Tuesday, 06 December 2011 00:19

Do We Really Create Our Reality As New Agers Say?

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Science tells us that we are the product of events in the environment. In the beginning was the big bang. The Big Bang produced matter, space and time. In time those produced the galaxies, stars and planets. The planets produced biological life forms, human beings included. On earth human beings are not only produced but shaped by their natural surroundings. Nature produced people, produced their genes, bodies, personalities and everything they do.  In effect we are the product of nature; to say that we have free will and played any kind of role in our evolution is delusion disorder. Animals and plants are the product of the world they lie in; if any of them believe that they played a role in their evolution they are not only laughable but insane.

Delusion insanity is belief in what is not true as true. What is true, according to science, is that human beings are determined by nature; it is not true that they determine their fate. Human beings live for as long as nature permits them to live. They live because the sun provides the earth with heat and light without which they would not survive. In five billion years the sun would have exhausted its hydrogen fuel and would no longer fuse hydrogen to helium and produce heat and light for people’s needs. The sun would expand and blow off its outer reaches and become a white dwarf whose flickering light would not even reach the earth. Thus, the earth would die a cold death.

Actually, during the time the sun is expanding it would produce enormous heat, heat that would destroy all biological life on earth. Thus, the earth would go from a hot place that is too hot to maintain life to a very cold place, pretty much like Pluto, and unable to maintain biological life.

Simply stated, human life on earth is a product of nature and when nature changes life changes and eventually dies out. To say that human beings play a role in their existence is thus laughable and insane. People are the products and victims of their environment; this is the verdict of science.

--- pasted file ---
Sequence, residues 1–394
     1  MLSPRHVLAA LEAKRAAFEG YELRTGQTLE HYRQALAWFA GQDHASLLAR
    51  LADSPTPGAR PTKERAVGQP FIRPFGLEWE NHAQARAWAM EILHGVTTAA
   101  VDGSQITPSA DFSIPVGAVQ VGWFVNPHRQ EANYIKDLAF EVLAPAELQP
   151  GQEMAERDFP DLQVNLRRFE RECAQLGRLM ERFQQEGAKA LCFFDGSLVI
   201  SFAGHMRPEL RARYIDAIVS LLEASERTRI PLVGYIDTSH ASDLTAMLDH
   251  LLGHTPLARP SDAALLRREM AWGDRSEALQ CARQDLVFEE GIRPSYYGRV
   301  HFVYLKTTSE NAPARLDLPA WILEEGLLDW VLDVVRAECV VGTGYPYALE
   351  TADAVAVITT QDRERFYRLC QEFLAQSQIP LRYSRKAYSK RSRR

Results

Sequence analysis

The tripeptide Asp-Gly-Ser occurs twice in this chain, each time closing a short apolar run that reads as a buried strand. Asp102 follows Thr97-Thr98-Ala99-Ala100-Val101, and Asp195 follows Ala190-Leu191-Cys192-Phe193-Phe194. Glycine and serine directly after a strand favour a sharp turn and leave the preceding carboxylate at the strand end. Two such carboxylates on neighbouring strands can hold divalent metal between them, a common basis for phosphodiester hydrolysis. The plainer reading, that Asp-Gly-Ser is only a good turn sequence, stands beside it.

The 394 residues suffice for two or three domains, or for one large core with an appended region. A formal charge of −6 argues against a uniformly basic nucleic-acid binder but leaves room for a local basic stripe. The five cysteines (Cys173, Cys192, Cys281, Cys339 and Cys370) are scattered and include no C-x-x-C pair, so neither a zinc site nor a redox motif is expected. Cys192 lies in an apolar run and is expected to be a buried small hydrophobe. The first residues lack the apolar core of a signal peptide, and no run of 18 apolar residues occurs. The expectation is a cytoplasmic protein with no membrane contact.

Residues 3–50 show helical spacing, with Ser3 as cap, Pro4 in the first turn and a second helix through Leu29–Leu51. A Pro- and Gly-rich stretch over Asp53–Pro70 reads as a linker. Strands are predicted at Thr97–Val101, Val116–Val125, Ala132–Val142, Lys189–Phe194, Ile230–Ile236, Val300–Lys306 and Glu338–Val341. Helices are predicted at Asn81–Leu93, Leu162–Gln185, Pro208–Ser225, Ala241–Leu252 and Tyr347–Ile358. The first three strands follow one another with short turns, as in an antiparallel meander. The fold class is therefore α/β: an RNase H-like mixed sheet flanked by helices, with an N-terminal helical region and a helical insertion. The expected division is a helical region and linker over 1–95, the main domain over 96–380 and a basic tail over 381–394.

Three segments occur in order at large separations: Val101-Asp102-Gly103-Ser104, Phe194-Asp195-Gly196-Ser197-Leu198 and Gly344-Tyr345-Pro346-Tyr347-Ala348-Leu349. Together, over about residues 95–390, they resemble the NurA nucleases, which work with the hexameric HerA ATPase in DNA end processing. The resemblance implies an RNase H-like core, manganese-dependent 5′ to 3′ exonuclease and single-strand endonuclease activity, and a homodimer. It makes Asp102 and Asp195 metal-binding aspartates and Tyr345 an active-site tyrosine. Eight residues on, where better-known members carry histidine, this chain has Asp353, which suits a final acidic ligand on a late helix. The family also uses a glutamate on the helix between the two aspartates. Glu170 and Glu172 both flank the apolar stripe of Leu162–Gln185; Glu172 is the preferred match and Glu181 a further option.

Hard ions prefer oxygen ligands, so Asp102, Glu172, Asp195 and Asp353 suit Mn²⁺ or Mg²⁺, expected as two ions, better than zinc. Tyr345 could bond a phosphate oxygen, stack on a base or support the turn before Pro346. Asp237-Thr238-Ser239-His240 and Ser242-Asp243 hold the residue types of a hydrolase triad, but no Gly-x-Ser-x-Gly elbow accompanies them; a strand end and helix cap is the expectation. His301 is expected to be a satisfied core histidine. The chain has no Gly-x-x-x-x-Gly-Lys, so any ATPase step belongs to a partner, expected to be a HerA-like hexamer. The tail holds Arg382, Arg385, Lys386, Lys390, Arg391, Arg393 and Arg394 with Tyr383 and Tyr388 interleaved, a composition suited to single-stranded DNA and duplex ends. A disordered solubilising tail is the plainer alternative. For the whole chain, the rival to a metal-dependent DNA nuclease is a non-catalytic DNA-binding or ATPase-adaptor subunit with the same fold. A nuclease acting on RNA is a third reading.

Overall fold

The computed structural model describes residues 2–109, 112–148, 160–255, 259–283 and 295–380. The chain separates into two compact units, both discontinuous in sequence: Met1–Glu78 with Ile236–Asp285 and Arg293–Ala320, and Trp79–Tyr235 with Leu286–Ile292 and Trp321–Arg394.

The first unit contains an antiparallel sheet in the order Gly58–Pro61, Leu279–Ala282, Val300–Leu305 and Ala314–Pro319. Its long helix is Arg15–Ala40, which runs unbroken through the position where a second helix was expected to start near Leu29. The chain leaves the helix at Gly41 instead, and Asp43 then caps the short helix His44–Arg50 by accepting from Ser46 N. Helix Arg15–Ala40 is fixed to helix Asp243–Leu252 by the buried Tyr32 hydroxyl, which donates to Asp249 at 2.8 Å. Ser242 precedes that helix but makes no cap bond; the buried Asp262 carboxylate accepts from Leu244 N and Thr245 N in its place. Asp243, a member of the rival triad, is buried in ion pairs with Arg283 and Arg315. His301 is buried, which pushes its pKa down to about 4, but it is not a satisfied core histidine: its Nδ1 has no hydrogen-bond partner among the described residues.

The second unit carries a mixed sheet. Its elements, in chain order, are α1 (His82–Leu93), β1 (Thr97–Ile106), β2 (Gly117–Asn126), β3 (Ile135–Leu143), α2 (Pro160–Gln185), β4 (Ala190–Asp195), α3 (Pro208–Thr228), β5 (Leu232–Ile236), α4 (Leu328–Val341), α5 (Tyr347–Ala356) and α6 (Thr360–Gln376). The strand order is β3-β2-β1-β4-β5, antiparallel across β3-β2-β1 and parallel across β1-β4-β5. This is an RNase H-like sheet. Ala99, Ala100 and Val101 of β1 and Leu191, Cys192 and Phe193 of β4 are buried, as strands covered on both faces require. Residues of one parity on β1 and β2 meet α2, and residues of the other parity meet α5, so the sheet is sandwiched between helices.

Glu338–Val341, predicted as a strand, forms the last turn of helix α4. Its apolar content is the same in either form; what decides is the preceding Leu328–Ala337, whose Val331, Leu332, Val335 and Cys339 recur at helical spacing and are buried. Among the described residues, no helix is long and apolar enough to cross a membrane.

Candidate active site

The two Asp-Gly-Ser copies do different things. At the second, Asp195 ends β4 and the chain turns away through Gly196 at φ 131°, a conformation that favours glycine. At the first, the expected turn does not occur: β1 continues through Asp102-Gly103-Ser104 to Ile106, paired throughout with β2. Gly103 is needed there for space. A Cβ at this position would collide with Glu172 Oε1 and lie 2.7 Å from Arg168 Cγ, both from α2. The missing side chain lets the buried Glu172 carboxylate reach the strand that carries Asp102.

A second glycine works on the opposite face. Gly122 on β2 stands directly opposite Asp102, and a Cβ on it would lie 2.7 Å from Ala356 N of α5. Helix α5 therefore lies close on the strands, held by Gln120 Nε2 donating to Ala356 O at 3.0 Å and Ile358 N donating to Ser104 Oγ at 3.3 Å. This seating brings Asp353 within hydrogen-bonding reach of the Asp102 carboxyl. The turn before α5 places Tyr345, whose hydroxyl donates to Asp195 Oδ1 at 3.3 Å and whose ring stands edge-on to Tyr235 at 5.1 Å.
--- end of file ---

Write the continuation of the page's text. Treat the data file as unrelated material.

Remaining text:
We live in the age of science: physics, chemistry, biology, earth science and the other physical sciences; these sciences have triumphed and marginalized other ways of seeing things. The scientific method, an epistemology that accepts only materialism, is our dominant way of approaching phenomena. To go outside the scientific mode is to make one’s self a comic figure; very few persons these days take one seriously if one talks about human self-determination. The accepted paradigm of the age is that human beings are victims of nature; that is the philosophy of science, a philosophy backed with awesome data.

Yet in the face of this scientific perception of people as victims is the belief by some people that they play a role in their lives. I have been attending Unity Church, a new thought (new age) form of Christianity. Members of this church believe that they are co-creators of their world; they have this belief despite what science tells us.

Let me briefly review what this church believes and then subject their beliefs to some analysis.   First, here is a little history of the Church. Unity Church was founded in the late 1800s (1889?) by Charles and Myrtle Fillmore, in Kansas City, Missouri. Apparently, this church was found in the wake of Mary Baker Eddy’s Christian Science Church and thus has a lot in common with it.

Christian Science was founded in response to the transcendental movement of the early 1800s. Transcendentalism was influenced by the recently introduced Oriental religions of Hinduism and Buddhism into America and the West in general. Apparently, by the early 1800s Hinduism and Buddhism, perhaps as a result of British rule of India, found their way to the West and Westerners began reading their literature now available in English, German and French. They reinterpreted their familiar Christianity in light of Oriental religions (the German idealistic philosopher, Arthur Schopenhauer, predicated his philosophy, as explicated on his seminal book, World as will and idea,  on Vedanta Hinduism).

Transcendentalism can be considered a synthesis of Christianity and Hinduism.  Transcendentalism was largely an intellectual effort by some of the forward looking thinkers in America, men such as Henry Thoreau and Ralph Emerson; these men tried to merge East and West intellectual traditions.  However, by the mid-1800s, folks who were not particularly intellectually inclined had latched onto the syncretism being made by transcendentalists and gave it mass appeal. Thus, in the 1860s Mary Baker Eddy clubbed together her understanding of transcendentalism, that is, Christianity and Hinduism, and used that understanding to found a new Church, Christian Science.

That Church, as shown in her book on health and spirituality, presented Jesus Christ as, more or less, like a Hindu holy man (sadhu), a healer of not only physical diseases but mental diseases. If one prayed in the right way, had a correct conception of God (as Hindu’s see God) one would be healed.

Christian Science spread all over America and Europe. Folks believed that if they had the right conception of God in mind and prayed to him that they would get everything they asked for.